LoRa wireless module targets M2M, IoT applications

2nd November 2016
Posted By : Mick Elliott
LoRa wireless module targets M2M, IoT applications

A new and highly compact module that is compliant with the LoRaWAN specification for narrowband wireless connectivity is in stock at Avnet Abacus. Measuring only 12.5 x 11.6 x 1.76mm in a metal-shielded LGA package, the low-cost module from Murata is one of the world’s smallest solutions for adding LoRa based wireless connectivity for a range of products and applications including Machine-to-Machine (M2M) communications and the Internet of Things (IoT).

Murata’s CMWX1ZZABZ-078 LoRa wireless module is designed to be a fully stand-alone solution. It can be deployed in a wide range of applications including smart metering such as gas and water meters, wearables, the tracking of livestock or other assets, M2M communications and sensor-based end nodes in IoT networks.

The module also has pre-certified radio regulatory approvals for operating in the 868 and 915MHz ISM spectrum. This makes it suitable for most geographical regions, thereby removing the requirement for developers to deliver separate solutions for different regions worldwide.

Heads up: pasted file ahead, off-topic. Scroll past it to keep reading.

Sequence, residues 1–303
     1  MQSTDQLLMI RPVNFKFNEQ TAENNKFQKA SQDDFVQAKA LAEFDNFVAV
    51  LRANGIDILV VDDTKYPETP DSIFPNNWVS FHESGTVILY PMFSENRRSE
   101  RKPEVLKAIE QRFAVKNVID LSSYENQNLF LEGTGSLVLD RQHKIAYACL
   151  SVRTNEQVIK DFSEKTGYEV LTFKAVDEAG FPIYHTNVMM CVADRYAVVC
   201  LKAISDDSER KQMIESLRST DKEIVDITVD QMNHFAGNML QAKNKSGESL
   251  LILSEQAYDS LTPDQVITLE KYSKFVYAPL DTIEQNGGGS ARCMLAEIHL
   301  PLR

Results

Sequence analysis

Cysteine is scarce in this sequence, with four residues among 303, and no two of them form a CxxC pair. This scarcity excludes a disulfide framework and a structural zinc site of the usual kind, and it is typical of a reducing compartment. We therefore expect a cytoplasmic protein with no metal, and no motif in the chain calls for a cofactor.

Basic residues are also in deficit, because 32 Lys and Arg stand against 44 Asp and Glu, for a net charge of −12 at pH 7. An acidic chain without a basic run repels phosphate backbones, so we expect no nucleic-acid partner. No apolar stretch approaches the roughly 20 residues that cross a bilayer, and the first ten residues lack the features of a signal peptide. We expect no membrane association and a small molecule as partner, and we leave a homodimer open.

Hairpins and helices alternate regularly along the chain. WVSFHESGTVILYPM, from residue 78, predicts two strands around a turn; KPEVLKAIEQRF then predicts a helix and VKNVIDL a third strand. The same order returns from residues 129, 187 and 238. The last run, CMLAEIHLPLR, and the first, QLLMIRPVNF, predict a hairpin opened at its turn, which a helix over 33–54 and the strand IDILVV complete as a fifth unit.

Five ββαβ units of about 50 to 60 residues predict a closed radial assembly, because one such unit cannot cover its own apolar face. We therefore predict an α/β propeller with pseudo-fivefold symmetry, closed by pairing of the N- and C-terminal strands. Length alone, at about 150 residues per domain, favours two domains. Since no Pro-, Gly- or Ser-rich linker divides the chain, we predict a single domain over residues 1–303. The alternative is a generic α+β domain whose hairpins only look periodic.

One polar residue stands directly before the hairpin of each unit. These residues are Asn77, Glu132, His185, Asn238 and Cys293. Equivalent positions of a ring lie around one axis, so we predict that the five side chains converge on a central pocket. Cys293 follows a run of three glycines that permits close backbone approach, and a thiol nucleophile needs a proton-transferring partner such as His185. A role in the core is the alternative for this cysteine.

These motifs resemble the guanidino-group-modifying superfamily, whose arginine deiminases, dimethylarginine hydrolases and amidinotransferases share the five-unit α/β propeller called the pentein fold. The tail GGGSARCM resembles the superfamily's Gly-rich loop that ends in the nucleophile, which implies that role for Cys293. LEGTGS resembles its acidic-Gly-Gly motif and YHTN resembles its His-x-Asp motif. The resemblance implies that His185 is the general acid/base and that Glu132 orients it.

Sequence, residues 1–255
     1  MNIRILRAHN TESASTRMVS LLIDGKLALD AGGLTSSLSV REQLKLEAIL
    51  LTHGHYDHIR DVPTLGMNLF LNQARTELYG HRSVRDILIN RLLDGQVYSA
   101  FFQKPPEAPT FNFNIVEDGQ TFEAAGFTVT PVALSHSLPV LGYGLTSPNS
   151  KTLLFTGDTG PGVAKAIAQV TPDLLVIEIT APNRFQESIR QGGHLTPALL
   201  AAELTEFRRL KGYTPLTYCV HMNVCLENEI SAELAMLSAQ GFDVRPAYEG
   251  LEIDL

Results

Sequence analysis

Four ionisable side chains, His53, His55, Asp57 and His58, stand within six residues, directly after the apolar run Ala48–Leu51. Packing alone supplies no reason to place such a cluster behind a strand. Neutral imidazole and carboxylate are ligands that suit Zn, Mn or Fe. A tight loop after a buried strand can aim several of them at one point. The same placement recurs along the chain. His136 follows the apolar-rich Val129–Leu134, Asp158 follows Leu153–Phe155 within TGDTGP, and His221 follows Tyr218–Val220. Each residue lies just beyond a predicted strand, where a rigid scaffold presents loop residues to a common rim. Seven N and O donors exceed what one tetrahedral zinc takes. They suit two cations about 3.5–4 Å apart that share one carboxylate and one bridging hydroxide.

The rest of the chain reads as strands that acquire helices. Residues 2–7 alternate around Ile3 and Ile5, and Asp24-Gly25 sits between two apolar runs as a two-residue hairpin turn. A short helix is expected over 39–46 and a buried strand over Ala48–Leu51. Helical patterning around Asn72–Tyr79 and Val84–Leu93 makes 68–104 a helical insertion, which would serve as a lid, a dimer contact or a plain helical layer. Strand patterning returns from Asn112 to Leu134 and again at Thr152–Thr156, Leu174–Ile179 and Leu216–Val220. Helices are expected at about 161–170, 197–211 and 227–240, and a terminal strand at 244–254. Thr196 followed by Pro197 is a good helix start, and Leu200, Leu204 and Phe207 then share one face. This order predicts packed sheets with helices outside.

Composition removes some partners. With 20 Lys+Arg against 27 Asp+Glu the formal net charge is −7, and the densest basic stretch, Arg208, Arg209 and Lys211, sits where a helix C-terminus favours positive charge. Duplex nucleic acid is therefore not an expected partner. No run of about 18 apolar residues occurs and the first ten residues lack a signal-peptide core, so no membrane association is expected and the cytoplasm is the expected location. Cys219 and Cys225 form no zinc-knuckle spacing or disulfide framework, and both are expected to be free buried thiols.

The module integrates the SX1276 RF transceiver from Semtech, along with the low-power STM32L Cortex M0+ based microcontroller from STMicroelectronics.

The STM32L includes 192-kbytes of flash memory and 20-kbytes of RAM, providing enough memory for customer applications and to host other modulation protocol stacks.

An integrated TCXO crystal oscillator has robust low drift thermal characteristics and provides an accurate clock source for the RF transceiver.


Other specifications of the module include UART, SPI or I2C peripheral interfaces and integration of an ADC and up to 16 GPIOs, which provides plenty of flexibility for connecting sensors, switches and status LEDs.

The module operates from a 2.2 to 3.6VDC input voltage range and has an operating temperature range of –40 to +85°C, making it suitable for LoRaWAN networks that require the placing of sensor nodes in remote and unpredictable environments.


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